The “Sold Out” signs have been up for days at Thomond Park, Ireland’s Six Nations heroes have returned to the fold and the treatment room is as busy as it has been all season. Would it be any other way for Munster in a Champions Cup quarter-final week?

The province has been here before, 16 times to be precise and today’s visit of Toulon to the Limerick citadel marks a competition record 17th trip to the last eight of Europe’s premier club competition.

Big guns have come and gone in that time, climbing off their bus with the swagger of conquering invaders only to be sent packing with the Fields of Athenry ringing in their ears on the lonely road back to Shannon airport.

A history of nine home quarter-finals and just one defeat, to Ulster in 2012, suggests Toulon will sample the same package as predecessors Toulouse, Stade Francais, Perpignan, Biarritz, Ospreys and Northampton but there can surely not have been a club team enter the visiting dressing room with as much quality, top-level experience and physicality as this afternoon’s occupants.

Just a run through the calibre of player left at home on the Mediterranean this weekend is an indication, not just of the deep pockets of Toulon’s owner Mourad Boudjellal but the discerning nature of his purchases.

When the likes of Hugo Bonneval, JP Pietersen, Bryan Habana and Mamuka Gorgodze are deemed surplus to requirements, you know there must be a serious amount of talent travelling north in their stead.

Munster captain Peter O’Mahony perhaps put it best as he assessed the challenge facing his side said this week, having just watched Toulon demolish league rivals Clermont 49-0 at their Stade Mayol home: “Their strengths, it is probably as hard to pick a weakness in them.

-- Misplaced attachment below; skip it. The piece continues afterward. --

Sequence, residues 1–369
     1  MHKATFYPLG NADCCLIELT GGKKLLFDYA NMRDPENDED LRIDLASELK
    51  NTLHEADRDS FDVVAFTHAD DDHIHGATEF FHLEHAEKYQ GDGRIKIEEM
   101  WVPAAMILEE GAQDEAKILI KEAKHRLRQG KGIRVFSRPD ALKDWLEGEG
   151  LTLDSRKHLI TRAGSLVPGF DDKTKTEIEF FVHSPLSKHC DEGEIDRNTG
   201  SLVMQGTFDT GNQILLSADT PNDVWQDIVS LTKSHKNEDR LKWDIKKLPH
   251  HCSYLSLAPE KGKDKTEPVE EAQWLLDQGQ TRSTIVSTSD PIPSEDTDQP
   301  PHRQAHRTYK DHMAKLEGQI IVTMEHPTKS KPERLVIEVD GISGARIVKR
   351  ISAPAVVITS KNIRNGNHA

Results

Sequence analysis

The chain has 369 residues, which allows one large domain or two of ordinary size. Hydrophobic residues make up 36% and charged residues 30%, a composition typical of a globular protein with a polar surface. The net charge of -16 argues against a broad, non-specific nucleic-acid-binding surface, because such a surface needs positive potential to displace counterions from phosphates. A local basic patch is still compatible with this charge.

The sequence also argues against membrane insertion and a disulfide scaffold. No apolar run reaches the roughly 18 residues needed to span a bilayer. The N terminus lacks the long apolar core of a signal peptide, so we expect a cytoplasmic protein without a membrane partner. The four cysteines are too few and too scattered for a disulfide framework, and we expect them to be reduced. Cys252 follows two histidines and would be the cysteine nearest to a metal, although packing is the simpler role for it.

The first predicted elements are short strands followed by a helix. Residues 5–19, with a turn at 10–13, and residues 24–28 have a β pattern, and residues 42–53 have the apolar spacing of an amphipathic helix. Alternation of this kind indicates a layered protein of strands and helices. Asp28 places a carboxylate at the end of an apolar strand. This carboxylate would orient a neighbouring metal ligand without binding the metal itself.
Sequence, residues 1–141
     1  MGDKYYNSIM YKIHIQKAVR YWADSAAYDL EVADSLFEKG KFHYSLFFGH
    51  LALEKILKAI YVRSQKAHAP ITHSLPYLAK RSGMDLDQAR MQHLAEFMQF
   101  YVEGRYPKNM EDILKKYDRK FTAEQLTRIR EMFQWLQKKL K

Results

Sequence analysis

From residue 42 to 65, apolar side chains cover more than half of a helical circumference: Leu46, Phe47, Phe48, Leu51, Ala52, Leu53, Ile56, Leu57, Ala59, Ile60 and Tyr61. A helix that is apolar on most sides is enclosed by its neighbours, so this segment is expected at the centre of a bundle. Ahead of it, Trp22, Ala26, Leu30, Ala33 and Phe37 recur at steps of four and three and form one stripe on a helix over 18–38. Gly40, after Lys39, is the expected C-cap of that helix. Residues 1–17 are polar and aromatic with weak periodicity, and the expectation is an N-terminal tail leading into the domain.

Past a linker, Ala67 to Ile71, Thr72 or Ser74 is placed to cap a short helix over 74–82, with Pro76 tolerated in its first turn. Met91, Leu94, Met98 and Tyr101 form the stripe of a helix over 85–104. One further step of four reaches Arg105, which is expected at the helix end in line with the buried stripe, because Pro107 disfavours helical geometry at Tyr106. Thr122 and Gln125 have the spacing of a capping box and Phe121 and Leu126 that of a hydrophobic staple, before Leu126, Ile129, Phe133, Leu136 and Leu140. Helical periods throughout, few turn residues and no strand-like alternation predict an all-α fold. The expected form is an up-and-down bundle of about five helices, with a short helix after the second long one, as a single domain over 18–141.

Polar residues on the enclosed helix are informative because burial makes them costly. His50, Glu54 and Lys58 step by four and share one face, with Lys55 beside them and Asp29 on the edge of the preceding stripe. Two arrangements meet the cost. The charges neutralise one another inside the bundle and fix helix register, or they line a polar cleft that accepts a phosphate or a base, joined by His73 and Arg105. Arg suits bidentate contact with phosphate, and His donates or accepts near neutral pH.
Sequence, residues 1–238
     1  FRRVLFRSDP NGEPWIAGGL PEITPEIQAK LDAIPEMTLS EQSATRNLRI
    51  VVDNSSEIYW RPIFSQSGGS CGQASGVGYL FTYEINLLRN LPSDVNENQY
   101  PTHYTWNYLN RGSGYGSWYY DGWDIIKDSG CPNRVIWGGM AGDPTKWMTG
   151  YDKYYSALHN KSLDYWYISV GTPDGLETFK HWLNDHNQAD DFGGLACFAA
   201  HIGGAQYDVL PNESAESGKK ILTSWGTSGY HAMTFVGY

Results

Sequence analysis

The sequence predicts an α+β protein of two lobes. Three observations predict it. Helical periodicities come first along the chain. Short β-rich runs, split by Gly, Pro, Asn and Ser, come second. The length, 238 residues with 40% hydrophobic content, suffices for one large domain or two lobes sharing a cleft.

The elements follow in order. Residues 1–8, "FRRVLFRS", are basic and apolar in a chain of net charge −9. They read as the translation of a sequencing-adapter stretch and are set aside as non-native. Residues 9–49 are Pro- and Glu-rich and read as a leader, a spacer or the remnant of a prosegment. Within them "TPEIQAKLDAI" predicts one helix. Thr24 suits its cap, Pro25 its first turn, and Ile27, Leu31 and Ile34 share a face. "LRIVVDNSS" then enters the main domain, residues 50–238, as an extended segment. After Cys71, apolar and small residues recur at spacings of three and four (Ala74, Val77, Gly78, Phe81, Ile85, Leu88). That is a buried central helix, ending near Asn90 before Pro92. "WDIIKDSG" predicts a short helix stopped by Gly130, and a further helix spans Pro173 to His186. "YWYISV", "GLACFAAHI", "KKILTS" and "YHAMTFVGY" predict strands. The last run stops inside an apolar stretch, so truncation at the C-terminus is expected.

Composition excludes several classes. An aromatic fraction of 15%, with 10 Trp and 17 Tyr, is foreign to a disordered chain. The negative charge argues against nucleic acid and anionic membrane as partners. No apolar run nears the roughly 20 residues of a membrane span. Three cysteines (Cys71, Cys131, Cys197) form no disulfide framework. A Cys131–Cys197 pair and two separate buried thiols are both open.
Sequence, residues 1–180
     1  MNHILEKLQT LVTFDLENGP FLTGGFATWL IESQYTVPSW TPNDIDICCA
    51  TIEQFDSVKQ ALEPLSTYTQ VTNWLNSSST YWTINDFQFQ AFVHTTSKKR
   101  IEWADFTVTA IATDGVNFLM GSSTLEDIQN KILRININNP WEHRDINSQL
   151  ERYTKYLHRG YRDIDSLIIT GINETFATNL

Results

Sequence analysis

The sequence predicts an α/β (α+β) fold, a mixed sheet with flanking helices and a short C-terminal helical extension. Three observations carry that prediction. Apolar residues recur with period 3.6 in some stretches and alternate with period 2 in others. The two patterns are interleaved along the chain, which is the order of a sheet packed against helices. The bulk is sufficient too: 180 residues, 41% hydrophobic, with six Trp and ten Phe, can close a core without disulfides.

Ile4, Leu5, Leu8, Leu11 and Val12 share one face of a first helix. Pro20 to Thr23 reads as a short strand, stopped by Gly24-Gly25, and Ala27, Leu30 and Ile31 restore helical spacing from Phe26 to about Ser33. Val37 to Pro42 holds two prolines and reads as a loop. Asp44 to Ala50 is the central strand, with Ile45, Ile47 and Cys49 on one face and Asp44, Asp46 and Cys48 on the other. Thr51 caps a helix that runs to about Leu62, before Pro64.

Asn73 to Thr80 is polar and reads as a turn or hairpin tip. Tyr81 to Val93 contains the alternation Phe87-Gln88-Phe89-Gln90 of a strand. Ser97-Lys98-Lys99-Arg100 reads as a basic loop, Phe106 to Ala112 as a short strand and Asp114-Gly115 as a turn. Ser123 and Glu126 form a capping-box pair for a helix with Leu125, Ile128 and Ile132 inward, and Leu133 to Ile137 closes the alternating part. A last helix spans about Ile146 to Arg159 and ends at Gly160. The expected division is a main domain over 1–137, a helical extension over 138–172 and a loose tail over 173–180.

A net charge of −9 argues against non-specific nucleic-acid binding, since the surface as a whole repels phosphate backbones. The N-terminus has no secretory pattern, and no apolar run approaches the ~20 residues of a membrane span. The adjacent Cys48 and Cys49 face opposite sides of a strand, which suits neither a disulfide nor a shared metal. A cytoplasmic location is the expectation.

“The performance at the weekend, it was quite relentless. Their pack have the ability to beat teams up and their backs have probably even more of an ability to beat teams up.

"Guys like Josua Tuisova, Malakai Fekitoa and Mathieu Bastareaud you are naming household names across the board."

"The go-forward ball that Bastareaud gives them makes them difficult to stop. It is about momentum. They have a lot of momentum givers so they are some of the guys we are going to have to stop at the weekend.”

Doing so without a frontline openside makes the task even more onerous but blindside flanker O’Mahony does not feel a re-jigged back row adds more responsibility to his brief.

“I’m not conscious of that to be honest with you. I am really focused on playing well this week. I am not going to go and try and consciously play like a seven if that is what you are asking. You have got to go and try and play as best you can.

“If you are thinking about doing different things because you are missing x or y then you are going to be off-task. The 22 or 23 who are lucky enough to be picked, you need guys playing the best game of their year on Saturday to have a shot at winning.”

Both Munster captain and head coach Johann van Graan agreed that against such an imposing and powerful side trying to dominate Toulon physically was the wrong tactic.